usage examples

A.J. Rossini rossini at
Thu Nov 6 03:25:57 CET 2003

I havn't seen any replies, but there are a few things that might
help.  As far as linked from the WWW site, there is the tech report
and my lab session from a course I taught in Copenhagen DK last
month.   The lab session (#1) describes a possible scenario that I
commonly use for data analysis (using a toy session).

Some comments below.

"Vadim Ogranovich" <vograno at> writes:

> Hi,
> I am trying to figure out how I can use ESS to keep a "diary" of my data
> analysis. The ESS help discusses some usage scenarios under the
> following heading 
> <
> #TOC23> Scenarios for use (possibilities--based on actual usage)
> 1:  ##    Data Analysis Example (source code is real)
> It suggest using of two files, the source file myfile.R and the
> transcript file myfile.Rt. In short you are supposed to start with
> myfile.R and then capture the results in the transcript myfile.Rt. But
> it is not clear how to continue the analysis the next day when you have
> both myfile.R and the transcript myfile.Rt. For example, do you save the
> new session in a new transcript file myfile2.Rt or you append it to the
> existing transcript, etc?
> So here are some questions that I have:
> Could someone please give at least a toy multi-session example of using
> myfile.R and myfile.Rt?

You don't need the transcript unless you want to save a log of the
actual interaction.

> Do I need the .R file if I don't write my own functions?

Sure!  I almost always work out of the *.R file, editing the commands
as I go, keeping the ones I like.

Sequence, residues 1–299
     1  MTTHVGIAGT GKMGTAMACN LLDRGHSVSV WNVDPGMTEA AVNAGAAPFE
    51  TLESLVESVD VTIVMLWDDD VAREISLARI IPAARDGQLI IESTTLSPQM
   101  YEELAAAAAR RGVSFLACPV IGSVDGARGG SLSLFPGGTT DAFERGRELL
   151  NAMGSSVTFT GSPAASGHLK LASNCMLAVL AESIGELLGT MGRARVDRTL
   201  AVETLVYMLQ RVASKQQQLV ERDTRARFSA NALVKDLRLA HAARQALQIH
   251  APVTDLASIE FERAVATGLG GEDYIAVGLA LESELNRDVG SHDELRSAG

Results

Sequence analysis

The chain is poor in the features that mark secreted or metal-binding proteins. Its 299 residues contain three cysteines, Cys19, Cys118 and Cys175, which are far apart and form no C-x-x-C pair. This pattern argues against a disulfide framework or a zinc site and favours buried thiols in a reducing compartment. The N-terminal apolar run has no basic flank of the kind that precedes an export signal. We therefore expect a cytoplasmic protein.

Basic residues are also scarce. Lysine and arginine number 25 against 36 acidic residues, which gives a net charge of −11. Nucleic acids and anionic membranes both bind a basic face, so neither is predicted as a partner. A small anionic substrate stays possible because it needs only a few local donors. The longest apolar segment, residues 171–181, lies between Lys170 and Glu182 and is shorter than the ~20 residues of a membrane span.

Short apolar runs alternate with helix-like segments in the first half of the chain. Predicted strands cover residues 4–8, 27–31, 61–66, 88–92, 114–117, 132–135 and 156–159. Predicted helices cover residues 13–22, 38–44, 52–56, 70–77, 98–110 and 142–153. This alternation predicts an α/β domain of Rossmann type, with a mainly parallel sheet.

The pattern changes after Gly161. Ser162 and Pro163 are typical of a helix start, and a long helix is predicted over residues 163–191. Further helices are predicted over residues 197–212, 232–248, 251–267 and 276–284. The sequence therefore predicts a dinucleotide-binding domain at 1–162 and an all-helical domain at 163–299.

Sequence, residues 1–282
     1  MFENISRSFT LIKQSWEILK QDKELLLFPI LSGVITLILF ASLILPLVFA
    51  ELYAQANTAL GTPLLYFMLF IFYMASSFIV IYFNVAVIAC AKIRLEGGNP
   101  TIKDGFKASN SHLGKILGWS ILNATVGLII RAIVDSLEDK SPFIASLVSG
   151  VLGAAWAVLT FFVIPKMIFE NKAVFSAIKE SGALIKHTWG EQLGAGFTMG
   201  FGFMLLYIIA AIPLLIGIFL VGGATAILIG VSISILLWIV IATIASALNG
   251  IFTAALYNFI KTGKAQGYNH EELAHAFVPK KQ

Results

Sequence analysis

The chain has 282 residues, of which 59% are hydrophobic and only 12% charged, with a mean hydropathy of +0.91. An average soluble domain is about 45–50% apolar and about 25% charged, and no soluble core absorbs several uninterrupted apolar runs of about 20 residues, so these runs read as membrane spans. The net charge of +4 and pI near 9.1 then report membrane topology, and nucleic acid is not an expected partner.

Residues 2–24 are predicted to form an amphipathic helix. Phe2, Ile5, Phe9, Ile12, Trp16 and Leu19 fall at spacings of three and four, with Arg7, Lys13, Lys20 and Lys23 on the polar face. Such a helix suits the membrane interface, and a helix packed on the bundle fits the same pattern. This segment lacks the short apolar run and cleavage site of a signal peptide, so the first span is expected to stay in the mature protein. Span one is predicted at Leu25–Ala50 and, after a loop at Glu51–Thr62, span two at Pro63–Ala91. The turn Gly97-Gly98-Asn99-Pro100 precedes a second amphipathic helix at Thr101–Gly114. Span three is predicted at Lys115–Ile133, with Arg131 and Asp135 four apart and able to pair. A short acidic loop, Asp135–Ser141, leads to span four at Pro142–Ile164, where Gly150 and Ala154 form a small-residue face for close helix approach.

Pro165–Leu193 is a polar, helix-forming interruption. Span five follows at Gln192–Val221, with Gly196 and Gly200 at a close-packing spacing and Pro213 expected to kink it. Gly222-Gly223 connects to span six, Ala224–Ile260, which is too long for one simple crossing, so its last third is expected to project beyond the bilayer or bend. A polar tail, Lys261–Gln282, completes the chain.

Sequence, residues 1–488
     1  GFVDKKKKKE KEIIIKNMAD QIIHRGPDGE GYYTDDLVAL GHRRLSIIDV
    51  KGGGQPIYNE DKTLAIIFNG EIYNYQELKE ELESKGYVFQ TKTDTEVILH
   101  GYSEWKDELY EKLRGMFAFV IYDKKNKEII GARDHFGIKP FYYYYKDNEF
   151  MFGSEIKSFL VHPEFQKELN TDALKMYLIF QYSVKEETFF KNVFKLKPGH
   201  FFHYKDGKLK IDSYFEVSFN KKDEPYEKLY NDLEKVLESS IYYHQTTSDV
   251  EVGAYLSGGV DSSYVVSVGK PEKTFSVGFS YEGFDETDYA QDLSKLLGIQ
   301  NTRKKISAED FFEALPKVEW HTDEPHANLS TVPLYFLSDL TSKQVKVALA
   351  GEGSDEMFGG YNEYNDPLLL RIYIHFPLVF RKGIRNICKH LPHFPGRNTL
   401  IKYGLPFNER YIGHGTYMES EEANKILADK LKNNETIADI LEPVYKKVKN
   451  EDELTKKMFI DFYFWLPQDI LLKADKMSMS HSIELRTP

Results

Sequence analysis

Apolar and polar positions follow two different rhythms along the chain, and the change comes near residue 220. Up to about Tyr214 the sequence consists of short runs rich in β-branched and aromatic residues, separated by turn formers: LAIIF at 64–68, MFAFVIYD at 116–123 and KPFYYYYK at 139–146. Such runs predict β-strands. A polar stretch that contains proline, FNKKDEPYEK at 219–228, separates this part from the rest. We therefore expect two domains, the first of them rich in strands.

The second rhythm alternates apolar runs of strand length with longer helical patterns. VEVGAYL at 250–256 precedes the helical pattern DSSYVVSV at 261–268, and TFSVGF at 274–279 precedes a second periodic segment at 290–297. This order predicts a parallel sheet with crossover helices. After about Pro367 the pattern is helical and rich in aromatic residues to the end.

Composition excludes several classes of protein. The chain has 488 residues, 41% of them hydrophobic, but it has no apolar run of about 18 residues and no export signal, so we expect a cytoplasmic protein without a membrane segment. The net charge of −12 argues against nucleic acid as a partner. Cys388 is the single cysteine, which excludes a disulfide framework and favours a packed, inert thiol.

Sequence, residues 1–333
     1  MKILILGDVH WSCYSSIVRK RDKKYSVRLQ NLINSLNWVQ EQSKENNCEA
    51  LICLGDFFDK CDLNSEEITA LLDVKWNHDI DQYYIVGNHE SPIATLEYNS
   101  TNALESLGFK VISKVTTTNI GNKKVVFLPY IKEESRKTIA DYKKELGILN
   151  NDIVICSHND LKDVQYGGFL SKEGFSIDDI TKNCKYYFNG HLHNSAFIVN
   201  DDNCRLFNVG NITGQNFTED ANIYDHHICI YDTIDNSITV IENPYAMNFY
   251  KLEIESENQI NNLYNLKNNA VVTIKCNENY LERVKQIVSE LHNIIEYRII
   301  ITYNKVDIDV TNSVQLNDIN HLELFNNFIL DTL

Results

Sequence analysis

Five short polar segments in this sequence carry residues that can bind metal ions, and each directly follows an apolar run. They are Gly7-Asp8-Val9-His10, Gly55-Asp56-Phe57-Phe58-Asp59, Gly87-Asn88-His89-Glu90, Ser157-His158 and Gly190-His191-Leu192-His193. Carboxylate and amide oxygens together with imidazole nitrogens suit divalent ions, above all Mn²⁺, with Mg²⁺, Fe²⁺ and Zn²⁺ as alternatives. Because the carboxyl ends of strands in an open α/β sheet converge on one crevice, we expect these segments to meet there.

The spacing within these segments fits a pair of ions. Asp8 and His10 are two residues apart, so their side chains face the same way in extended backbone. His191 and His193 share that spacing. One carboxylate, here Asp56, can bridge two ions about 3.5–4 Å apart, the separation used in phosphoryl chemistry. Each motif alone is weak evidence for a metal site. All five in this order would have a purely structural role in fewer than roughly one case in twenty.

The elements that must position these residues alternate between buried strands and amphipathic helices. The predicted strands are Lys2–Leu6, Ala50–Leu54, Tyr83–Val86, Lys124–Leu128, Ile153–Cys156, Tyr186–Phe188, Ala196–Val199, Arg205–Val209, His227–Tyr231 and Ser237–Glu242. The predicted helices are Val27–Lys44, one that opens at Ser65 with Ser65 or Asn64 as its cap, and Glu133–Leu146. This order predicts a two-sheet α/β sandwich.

> Is it a possible/advisable to run R in the .Rt buffer?

Not necessarily.

> When I open .Rt file in Emacs the buffer comes out non-editable, why?

So you don't destroy your transcript by accident.

> To narrow down the scope of my questions let me describe how I use R.
> Normally I prepare one or more datasets using R or Perl scripts and then
> I analyze the datasets in a number of interactive sessions interactively
> in the *R* buffer. I rarely write new functions during the interactive
> sessions, it is more like an ad hoc querying.
> Now what I want is to keep logs of these interactive sessions as a
> single running-through diary, which is not necessarily very
> self-consistent. I should be able to put comments to both the commands
> and their outputs ("here we compute the auto-correlations" is a comment
> to the command, "note strong second lag correlation" is a comment to its
> output). I want be able to re-execute parts of the commands in the
> diary. I sometimes want to merge the new results with the old ones
> _preserving_ the comments...

So, one way is simply to create the script the way you want, editing
and commenting the *.R file and evaluating lines, paragraphs, regions,
or the whole buffer as needed.

Evaluate for the final results, and a final "verifiable" transcript.

There are other approaches, including embedding within a LaTeX
document and using Sweave -- my course notes have a simple example of
that, along with a makefile which automates the process (i.e. "press
the compile button to build").


rossini at   
Biomedical and Health Informatics   University of Washington
Biostatistics, SCHARP/HVTN          Fred Hutchinson Cancer Research Center
UW (Tu/Th/F): 206-616-7630 FAX=206-543-3461 | Voicemail is unreliable
FHCRC  (M/W): 206-667-7025 FAX=206-667-4812 | use Email

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